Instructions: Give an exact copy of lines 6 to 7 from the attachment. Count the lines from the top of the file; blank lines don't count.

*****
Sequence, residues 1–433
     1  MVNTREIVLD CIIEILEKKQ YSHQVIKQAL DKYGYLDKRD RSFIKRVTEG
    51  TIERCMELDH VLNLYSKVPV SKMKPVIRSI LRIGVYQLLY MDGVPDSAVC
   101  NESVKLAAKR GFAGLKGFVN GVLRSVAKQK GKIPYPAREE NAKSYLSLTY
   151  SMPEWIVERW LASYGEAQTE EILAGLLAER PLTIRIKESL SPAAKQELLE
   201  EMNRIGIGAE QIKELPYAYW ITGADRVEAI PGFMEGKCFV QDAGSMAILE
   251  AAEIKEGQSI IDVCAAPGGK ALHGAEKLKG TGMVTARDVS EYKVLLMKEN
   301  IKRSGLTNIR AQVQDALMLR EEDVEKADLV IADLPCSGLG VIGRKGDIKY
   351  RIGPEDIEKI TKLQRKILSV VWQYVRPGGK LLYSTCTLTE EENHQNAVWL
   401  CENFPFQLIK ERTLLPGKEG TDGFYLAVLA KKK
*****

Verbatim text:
   201  EMNRIGIGAE QIKELPYAYW ITGADRVEAI PGFMEGKCFV QDAGSMAILE
   251  AAEIKEGQSI IDVCAAPGGK ALHGAEKLKG TGMVTARDVS EYKVLLMKEN